Proceedings of The Physiological Society

Europhysiology 2018 (London, UK) (2018) Proc Physiol Soc 41, PCB226

Poster Communications

Effects of ouabain and/or salbutamol on subcellular glycogen distribution in isolated rat soleus muscle

J. Nielsen1, N. Ørtenblad1

1. Department of Sports Science and Clinical Biomechanics, University of Southern Denmark, Odense M, Denmark.


  • Figure 1. Glycogen for the Na+,K+ pumps: Where does it come from?Transmission electron microscopy reveals the subcellular localization of glycogen (black dots). The Na+,K+ pumps of the t-system (yellow arrow) are located distant both to glycogen particles located within the myofibrils (Intra glycogen, blue circle) and to those located close to sarcoplasmic reticulum (IMF glycogen, red circle). Scale bar = 100 nm.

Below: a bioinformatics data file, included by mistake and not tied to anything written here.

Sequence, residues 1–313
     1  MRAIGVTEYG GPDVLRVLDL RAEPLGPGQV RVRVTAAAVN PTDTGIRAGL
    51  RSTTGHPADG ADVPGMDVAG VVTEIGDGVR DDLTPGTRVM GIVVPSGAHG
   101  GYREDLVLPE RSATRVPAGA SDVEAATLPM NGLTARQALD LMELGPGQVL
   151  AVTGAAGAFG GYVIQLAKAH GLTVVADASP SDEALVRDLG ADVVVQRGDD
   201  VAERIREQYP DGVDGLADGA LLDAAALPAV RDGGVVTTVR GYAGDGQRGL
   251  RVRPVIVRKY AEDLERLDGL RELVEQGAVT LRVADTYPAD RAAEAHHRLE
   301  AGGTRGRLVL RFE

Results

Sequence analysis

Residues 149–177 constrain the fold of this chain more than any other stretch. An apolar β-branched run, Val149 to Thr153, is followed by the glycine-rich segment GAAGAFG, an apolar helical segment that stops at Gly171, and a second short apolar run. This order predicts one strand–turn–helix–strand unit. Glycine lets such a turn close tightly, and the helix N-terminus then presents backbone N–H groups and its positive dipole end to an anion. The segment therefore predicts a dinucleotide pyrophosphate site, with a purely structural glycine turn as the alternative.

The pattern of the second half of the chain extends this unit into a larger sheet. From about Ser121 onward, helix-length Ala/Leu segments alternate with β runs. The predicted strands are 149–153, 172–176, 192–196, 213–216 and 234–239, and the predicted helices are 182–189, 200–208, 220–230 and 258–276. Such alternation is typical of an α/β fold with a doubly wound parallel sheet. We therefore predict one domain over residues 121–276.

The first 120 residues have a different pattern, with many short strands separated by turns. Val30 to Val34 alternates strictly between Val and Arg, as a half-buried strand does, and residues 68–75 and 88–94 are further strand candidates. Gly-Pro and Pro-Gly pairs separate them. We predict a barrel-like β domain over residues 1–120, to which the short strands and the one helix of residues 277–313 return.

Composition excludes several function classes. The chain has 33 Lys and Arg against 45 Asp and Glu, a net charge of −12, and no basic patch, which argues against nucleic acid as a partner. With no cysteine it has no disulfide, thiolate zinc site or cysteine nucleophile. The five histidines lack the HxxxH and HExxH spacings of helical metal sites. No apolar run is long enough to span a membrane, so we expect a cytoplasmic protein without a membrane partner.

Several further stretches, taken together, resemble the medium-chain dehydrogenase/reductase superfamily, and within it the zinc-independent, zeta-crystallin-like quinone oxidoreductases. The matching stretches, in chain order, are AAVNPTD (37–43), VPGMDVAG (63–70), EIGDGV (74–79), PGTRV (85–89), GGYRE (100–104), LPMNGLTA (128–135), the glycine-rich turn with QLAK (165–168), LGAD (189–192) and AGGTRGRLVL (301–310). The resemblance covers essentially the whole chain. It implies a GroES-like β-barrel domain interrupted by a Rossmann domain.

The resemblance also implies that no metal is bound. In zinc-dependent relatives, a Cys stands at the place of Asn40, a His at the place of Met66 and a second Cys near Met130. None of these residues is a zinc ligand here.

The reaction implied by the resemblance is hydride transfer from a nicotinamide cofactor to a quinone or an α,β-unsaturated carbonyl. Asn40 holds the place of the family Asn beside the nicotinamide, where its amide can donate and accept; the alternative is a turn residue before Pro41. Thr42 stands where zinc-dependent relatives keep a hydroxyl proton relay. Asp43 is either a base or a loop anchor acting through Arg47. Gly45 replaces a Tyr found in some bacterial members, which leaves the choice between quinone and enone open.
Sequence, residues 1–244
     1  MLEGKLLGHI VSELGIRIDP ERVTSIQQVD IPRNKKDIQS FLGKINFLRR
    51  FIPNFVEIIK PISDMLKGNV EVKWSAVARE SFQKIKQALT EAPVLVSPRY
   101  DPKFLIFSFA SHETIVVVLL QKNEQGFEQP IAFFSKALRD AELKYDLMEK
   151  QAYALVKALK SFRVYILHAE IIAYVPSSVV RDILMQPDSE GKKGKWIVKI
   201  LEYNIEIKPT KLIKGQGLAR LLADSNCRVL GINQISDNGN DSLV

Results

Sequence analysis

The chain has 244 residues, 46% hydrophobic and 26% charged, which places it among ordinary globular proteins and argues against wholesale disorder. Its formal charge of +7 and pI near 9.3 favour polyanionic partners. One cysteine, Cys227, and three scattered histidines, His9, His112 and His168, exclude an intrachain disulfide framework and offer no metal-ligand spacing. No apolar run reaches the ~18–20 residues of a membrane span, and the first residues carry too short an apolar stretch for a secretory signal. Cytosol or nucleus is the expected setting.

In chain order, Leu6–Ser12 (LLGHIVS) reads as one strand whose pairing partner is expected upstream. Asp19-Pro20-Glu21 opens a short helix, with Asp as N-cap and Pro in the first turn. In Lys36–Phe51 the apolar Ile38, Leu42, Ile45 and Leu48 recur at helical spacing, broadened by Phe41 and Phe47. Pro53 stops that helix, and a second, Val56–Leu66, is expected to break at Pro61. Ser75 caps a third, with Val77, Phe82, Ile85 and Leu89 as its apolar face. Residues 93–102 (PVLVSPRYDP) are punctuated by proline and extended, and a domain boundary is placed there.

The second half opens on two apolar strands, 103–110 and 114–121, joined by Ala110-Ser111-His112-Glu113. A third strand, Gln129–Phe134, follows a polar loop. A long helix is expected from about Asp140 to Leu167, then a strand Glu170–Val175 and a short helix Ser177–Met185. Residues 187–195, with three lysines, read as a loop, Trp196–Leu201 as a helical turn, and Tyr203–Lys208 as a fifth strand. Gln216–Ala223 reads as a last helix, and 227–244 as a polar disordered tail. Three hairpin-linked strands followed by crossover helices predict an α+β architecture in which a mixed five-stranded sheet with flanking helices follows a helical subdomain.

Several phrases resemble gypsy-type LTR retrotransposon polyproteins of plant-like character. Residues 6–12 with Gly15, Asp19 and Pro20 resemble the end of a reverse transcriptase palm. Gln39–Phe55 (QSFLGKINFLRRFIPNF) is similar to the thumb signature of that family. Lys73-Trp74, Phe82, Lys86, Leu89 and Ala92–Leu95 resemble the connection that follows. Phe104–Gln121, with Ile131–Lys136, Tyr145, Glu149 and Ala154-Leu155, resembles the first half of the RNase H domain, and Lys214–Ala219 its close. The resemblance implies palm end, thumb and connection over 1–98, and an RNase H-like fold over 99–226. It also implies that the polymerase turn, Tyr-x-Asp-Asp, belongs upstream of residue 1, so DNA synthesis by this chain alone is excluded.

In skeletal muscle, glycogen is essential for sustaining prolonged work, however the underlying mechanism(s) remains unknown (Allen et al. 2008; Ørtenblad et al. 2013). One hypothesis is that compartmentalized energy transfer is required from the breakdown of specific glycogen particles located in a juxtaposition to specific energy-dependent functions creating a spatially separate and efficient energy transfer network (Dzeja et al. 2007; Nielsen et al. 2009). Here, we aimed to investigate how salbutamol (a β2-agonist, which stimulates glycogenolysis) and ouabain (a cardiac glycoside, which inhibits Na+,K+ pumps) influenced spatially distinct depots of glycogen particles in skeletal muscle fibres. Soleus muscles from male sprague dawley rats (n = 26, 164 ± 17 g (mean ± SD)) were incubated in a Krebs-Ringer solution with 5 mM glucose (pH 7.4) at 25 oC, and continuously gassed with 95% O2 and 5% CO2. Paired muscles (from left and right leg) were randomly allocated to two of the four groups: control (C; n = 11), salbutamol (S; 10 µM, n = 15), ouabain (O; 1 mM; n = 11) or ouabain + salbutamol (OS; n = 15). Transmission electron microscopy was conducted to quantitate the volumetric content of glycogen particles in three distinct locations (Figure 1): 1) intermyofibrillar (IMF, 70% of total), 2) intramyofibrillar (Intra, 25% of total), and 3) subsarcolemmal (SS, 5% of total). Data are presented as medians and interquartile range. Main and interaction effects were tested using a linear mixed-effects model. In IMF glycogen, salbutamol mediated a 40% decrease (S: 3.44 (2.77:4.62) vs C: 5.76 (4.82:6.91), which was not affected (a 42% decrease) by pre-treatment with ouabain (OS: 4.48 (3.30:6.14) vs O: 7.71 (4.62:9.13), main effect: P < 0.0001, interaction: P = 0.24). Ouabain-treatment alone increased IMF glycogen by 10% (OS+O: 5.01 (3.28:7.83) vs C+S: 4.54 (3.15:6.02), P = 0.009). In Intra glycogen, salbutamol mediated a 55% decrease (S: 1.45 (0.71:2.34) vs C: 3.21 (2.06:4.77), which was slightly attenuated (to a 48% decrease) by pre-treatment with ouabain (OS: 1.92 (1.49:2.52) vs O: 3.67 (2.00:5.18), main effect: P = 0.0001, interaction: P = 0.096). Ouabain-treatment alone did not significantly affect Intra glycogen (OS+O: 2.39 (1.50:3.70) vs C+S: 2.06 (1.09:3.21), P = 0.23). Neither salbutamol (P = 0.31), ouabain (P = 0.97) nor both combined (P = 0.65) influenced SS glycogen (S: 3.60 (2.03:5.85) vs C: 4.47 (2.74:7.21) and (OS: 4.31 (2.79:6.17) vs O: 4.81 (2.86:6.59). In conclusion, stimulation of glycogenolysis by salbutamol mediates a compartmentalized utilization of glycogen depots as characterized by a decrease in both IMF and Intra glycogen, but not SS glycogen. Blocking Na+,K+ pumps with ouabain, tended to attenuate the utilization of Intra glycogen. The present data suggest that Na,K-pumps preferentially use this small depot of Intra glycogen, located in the sarcomeric I-band near the t-system.

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